"Illicit financial flows are a major facilitator of poverty, crime, and corruption in both developed and developing countries," said Raymond Baker, director of Global Financial Integrity, a Washington D.C.-based research and advocacy organization. "Tax haven secrecy drains nearly $1 trillion from developing countries each year. This is money that could have been spent on health care, education, and infrastructure in the world's poorest countries while simultaneously shoring up budget deficits in Europe and the United States. The CUT Loopholes Act would be a tremendous step forward in curtailing these damaging illicit financial flows,”
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The groups contend that there is broad support among American voters for closing offshore tax loopholes to deal with budget problems. In a December 2012 national poll conducted by the Mellman Group and commissioned by Friends of the Earth U.S., a 75 percent majority of American voters said they favor closing offshore tax havens as a way of addressing our national budget problems. Support for this proposal was high across party and ideological lines, as well as gender, race, educational background and region.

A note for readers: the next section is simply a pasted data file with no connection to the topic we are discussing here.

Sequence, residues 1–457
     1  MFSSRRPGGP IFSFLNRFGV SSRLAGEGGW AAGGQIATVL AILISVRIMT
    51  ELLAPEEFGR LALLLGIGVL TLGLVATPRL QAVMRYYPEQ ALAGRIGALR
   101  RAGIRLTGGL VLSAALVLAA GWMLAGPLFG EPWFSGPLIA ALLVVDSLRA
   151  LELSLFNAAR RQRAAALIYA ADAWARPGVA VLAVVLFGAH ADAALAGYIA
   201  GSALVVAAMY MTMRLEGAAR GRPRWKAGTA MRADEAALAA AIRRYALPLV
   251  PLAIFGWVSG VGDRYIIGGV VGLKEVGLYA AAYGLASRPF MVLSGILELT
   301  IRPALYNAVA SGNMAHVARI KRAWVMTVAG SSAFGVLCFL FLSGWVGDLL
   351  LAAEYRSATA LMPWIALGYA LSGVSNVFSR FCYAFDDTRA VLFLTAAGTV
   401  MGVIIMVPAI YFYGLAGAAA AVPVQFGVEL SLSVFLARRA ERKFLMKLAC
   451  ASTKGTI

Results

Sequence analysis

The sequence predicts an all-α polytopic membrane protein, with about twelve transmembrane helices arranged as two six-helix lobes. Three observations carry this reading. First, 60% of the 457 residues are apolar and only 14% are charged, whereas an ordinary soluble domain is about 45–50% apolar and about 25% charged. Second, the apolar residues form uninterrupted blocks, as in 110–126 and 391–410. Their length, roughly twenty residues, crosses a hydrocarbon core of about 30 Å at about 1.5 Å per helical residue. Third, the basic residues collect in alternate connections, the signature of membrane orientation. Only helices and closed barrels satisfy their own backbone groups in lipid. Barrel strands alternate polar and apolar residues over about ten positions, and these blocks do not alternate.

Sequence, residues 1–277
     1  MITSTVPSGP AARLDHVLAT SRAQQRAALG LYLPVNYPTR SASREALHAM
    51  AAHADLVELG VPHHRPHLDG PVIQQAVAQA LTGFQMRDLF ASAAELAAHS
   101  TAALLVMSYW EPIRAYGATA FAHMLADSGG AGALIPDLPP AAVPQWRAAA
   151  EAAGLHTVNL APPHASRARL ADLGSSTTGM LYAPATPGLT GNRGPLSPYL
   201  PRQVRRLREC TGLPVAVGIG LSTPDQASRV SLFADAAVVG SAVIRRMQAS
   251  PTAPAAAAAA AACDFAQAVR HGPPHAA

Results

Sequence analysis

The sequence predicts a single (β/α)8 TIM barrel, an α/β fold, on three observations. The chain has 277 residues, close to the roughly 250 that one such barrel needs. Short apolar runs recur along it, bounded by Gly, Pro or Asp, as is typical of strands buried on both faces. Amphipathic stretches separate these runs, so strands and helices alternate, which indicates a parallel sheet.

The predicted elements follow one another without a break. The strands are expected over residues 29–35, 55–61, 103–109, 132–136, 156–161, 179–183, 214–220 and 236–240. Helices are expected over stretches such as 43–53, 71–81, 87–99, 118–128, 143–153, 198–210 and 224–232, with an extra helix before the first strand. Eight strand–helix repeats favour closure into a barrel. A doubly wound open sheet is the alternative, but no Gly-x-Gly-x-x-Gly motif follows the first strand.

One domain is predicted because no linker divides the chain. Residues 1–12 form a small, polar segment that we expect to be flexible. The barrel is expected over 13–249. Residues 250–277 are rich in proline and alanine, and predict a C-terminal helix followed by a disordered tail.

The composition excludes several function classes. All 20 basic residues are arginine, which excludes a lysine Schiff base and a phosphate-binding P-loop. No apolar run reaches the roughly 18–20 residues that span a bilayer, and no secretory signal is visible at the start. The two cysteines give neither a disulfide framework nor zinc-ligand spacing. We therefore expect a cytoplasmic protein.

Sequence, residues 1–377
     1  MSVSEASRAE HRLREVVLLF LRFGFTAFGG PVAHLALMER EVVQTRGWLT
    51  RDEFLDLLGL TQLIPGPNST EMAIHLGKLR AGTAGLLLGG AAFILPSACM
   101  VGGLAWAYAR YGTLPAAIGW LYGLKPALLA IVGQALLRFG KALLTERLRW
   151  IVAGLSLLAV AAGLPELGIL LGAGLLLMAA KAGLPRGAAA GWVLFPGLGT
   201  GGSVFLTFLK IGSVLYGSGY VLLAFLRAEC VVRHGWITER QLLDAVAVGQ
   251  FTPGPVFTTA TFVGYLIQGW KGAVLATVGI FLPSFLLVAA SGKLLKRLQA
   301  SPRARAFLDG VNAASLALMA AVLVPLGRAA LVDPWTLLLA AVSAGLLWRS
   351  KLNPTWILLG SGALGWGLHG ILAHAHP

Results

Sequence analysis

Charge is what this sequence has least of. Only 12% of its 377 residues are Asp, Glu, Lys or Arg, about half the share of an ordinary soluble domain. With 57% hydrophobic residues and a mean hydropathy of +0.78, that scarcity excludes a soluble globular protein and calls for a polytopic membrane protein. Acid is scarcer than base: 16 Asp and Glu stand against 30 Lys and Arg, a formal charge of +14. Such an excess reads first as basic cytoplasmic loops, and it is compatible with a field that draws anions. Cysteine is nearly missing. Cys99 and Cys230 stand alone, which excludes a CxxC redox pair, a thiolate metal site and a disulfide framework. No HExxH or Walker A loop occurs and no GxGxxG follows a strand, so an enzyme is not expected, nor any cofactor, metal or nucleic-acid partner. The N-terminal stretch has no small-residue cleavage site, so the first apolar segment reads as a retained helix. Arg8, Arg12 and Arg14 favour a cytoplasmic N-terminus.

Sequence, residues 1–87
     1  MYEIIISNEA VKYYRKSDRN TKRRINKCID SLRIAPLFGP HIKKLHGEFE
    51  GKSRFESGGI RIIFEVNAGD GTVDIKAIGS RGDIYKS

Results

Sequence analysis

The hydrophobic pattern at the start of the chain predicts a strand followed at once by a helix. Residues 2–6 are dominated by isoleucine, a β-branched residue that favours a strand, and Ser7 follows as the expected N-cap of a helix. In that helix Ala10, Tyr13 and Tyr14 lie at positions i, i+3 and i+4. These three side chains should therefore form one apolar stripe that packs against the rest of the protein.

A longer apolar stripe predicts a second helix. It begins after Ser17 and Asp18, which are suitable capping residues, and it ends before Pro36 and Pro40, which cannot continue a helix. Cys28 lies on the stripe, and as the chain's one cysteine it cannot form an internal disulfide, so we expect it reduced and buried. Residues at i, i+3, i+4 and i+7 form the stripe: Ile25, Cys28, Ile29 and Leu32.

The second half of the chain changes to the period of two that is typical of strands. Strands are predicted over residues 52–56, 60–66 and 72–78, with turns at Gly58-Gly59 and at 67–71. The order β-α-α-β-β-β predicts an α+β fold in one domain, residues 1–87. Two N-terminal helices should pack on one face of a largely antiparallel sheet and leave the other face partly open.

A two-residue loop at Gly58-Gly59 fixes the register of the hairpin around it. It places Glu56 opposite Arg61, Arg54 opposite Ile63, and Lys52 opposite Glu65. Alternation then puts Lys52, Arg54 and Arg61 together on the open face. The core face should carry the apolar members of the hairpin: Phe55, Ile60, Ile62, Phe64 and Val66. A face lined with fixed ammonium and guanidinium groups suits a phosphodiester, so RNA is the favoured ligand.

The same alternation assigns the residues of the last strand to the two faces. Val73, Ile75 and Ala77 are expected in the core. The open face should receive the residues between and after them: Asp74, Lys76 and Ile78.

Respondents were asked: “To help solve our budget problems, do you favor or oppose closing loopholes that allow corporations to declare profits in foreign countries that have a lower tax rate?” Fully three-quarters of voters favored the proposal with nearly two-thirds favoring it strongly.
The FACT coalition has made several reports, resources and survey results available to support its contention that corporate tax breaks are raiding the U.S. Treasury, harming small businesses and developing countries, and are kept in place by campaign contributions and lobbying.